It started with a report in America's Car & Driver, which quoted - and nothing is as sure as a direct quote - Mercedes-Benz driver assistance systems manager Christoph von Hugo.
“If you know you can save at least one person, at least save that one. Save the one in the car,” Hugo told the website. “If all you know for sure is that one death can be prevented, then that’s your first priority."
Von Hugo's quote came in response to a question about the infamous 'trolley problem', which asks how an autonomous vehicle should behave in a scenario where circumstances require that the vehicle take action either to save the life of bystanders by hitting another object - potentially killing its occupants - or saving its occupants by driving through the soft bystanders instead of into a pole, or tree, or barricade or oncoming vehicle.
But, according to Mercedes-Benz parent Daimler, in an email to Jalopnik.com, some of von Hugo's words were omitted in the Car & Driver interview.
"For Daimler it is clear that neither programmers nor automated systems are entitled to weigh the value of human lives," the company's official statement reads.
It is generally understood that in most scenarios, connected autonomous vehicles, or CAVs, will be so aware of their surroundings and the road ahead that steps will be taken to avoid such a scenario well in advance.
Daimler continues: "Our development work focuses on completely avoiding dilemma situation by, for example, implementing a risk-avoiding operating strategy in our vehicles."
"There is no instance in which we’ve made a decision in favor of vehicle occupants. We continue to adhere to the principle of providing the highest possible level of safety for all road users.
"To make a decision in favor of one person and thus against another is not legally permissible in Germany. There are similar laws in other countries as well.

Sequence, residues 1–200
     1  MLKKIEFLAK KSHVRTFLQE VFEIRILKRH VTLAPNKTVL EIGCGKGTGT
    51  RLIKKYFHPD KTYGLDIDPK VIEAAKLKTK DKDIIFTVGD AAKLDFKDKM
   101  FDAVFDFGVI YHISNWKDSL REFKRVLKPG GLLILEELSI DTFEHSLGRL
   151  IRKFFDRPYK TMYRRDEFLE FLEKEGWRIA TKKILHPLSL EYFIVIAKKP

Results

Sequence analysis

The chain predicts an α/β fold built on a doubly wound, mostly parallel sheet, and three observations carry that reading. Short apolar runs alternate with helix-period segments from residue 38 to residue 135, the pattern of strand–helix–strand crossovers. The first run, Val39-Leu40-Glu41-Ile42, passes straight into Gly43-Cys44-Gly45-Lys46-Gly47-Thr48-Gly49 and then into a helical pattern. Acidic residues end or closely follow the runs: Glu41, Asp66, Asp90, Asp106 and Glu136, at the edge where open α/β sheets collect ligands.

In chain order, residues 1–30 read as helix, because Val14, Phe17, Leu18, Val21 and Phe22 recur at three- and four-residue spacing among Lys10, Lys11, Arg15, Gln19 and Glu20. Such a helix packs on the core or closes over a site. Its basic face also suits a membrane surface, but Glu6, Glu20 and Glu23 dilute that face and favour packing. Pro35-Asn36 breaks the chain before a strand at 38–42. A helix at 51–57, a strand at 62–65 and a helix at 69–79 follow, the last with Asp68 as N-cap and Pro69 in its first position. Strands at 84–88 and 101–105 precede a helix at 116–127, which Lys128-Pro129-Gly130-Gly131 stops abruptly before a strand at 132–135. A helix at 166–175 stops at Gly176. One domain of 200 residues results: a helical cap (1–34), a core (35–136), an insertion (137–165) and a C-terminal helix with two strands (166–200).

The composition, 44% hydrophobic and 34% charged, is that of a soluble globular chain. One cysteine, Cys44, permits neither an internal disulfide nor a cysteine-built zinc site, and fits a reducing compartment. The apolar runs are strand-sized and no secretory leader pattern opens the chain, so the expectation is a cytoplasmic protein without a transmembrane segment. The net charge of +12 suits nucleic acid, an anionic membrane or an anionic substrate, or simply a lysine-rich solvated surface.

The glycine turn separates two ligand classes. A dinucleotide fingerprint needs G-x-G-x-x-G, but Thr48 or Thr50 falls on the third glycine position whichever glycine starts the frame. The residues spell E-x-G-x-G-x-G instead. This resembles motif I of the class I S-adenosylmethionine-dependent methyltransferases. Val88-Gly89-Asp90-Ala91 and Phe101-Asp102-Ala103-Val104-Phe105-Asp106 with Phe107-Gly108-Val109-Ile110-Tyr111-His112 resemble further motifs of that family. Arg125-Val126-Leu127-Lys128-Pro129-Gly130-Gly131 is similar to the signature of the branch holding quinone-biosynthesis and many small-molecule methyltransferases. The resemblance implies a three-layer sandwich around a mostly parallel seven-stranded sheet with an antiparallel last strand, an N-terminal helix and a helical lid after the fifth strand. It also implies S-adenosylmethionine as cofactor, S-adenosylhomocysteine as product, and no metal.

"To clarify these issues of law and ethics in the long term will require broad international discourse. This is the only way to build a comprehensive consensus and promote acceptance for the results.
"As manufacturers we will implement both the respective legal framework and what is deemed to be socially acceptable."
Nonetheless, it is a popular question that has plagued car makers - important enough to warrant multiple studies, including an in-depth review by Science magazine. (Link opens in new tab).
As Science puts it: "When it becomes possible to program decision-making based on moral principles into machines, will self-interest or the public good predominate?"
For the most part, just about all car makers have avoided answering the question. After all, if a vehicle could choose to sacrifice its occupants to save bystanders… would many choose to buy or travel in such a vehicle?
One reader, commenting at Jalopnik.com, replied to the initial report as follows: "This is the correct answer to the problem. My property does not get to determine whether I live or die, not for orphans, not for priests, not for the president."
As Science mag notes, and likely as no surprise to readers, many buyers would prefer that others buy vehicles that will protect those around them - while they themselves would prefer to ride in a vehicle that will prioritise its occupants.
A clear and acceptable answer will need to come at some point. Adoption of autonomous driving technology is unlikely to occur at any decent rate if potential passengers are led to believe they might be sacrificed, while any confirmation that a vehicle could prioritise its occupants would demonise the manufacturer in question.
Preservation of self and family, or selfless regard for bystanders: which way do you lean? Tell us in the comments below.
Listen to the CarAdvice team discuss this topic below, and catch more like this at caradvice.com/podcast.